… that I may know Christ and the power of His resurrection, and the fellowship of His sufferings, being conformed to His death, if, by any means, I may attain to the resurrection from the dead. (Phil. 3:10-11, NKJV)
I’ve loved this verse since my college days… “marching orders” for how my friends and I planned to take our campus for Christ. In the midst of studying at the library and dining at the cafeteria, we would gather for worship and all night prayer vigils. We had the fervor of the gospel burning in our hearts — literally, we saw nothing as more important than telling our friends about the life adventure that awaited them if they chose to follow Christ.
The thing is, in my fervent reading, I think I focused on the “power of his resurrection”. I don’t think I dwelt long enough on “the fellowship of his sufferings.” I mean, what does it mean to be “conformed” to the death of Jesus, anyway?
Christians just finished celebrating the Easter holiday. We reflected on the awesome mystery of redemption and atonement accomplished in the cross of Christ. We tried to imagine the despair of the first disciples as they stood by helpless, watching the Son of God undergo a friend’s betrayal, a sham trial, brutal beatings, and Roman crucifixion. And we tried to identify with their hopelessness after they laid him in the tomb and rolled the stone to seal it shut. We can’t really know what it felt like, though. Or can we?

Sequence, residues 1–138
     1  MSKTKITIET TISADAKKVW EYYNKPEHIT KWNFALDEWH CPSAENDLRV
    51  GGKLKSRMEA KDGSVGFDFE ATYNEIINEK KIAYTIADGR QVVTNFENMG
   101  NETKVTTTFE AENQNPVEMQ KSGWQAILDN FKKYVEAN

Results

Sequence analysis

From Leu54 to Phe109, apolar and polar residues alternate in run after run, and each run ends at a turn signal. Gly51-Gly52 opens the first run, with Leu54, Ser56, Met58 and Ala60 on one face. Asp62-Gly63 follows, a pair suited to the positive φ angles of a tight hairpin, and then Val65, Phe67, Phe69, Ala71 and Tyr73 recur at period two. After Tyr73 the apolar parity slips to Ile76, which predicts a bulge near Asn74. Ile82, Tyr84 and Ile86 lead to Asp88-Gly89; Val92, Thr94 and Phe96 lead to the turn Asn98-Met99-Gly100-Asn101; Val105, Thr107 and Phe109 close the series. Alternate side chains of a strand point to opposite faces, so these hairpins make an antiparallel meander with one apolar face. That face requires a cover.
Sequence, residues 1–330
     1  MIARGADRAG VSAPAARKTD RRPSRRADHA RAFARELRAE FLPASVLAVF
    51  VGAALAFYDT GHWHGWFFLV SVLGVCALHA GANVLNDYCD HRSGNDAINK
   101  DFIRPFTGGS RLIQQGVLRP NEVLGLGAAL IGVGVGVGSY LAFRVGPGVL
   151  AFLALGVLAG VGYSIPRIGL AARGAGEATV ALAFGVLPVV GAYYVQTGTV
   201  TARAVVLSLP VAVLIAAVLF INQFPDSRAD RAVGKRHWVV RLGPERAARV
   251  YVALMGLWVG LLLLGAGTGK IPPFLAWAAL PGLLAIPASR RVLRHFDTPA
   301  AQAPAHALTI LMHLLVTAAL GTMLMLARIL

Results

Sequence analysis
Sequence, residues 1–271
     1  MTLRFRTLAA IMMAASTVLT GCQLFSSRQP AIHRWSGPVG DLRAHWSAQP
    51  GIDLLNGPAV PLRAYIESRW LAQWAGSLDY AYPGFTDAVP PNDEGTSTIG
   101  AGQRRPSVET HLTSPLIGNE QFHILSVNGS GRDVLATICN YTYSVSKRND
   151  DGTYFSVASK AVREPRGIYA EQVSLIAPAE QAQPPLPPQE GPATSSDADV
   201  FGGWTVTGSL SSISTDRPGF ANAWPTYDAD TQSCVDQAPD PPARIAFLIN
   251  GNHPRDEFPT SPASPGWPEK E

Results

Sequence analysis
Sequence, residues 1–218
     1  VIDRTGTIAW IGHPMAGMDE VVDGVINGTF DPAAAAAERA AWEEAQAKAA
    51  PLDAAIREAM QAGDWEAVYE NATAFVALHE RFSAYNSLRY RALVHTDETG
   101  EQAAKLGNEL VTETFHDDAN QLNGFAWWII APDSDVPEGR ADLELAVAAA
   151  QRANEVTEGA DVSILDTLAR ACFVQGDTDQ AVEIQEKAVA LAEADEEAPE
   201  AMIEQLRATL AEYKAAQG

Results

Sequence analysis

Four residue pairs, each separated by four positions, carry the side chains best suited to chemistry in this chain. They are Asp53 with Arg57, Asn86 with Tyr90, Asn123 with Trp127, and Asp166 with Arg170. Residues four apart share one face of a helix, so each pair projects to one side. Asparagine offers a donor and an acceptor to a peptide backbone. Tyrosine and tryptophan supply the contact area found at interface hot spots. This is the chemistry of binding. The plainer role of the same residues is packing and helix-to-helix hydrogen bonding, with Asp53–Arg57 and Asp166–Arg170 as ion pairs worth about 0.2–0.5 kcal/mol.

I’ve known something if helplessness and hopelessness these past few weeks.
Benjamin’s recent battle with ulcerative colitis has worn us, wearied us, beaten us down. And even though this suffering doesn’t directly stem from sin on his part, it is a result of living in a world broken because of the fall. The effects of sin surround us. We’re all affected. Each one.
So as we wade through the mire of disease and unknowing, as we ask the Lord for healing and wait for His response, we find something in common with Jesus and His followers as they experienced His death. A kind of fellowship.
Mystery. Despair. Helpless. Hopeless… but not for long.
Sunday is coming.
“He is not here; he has risen, just as he said. Come and see the place where he lay.”
(Matthew 28:6 NIV)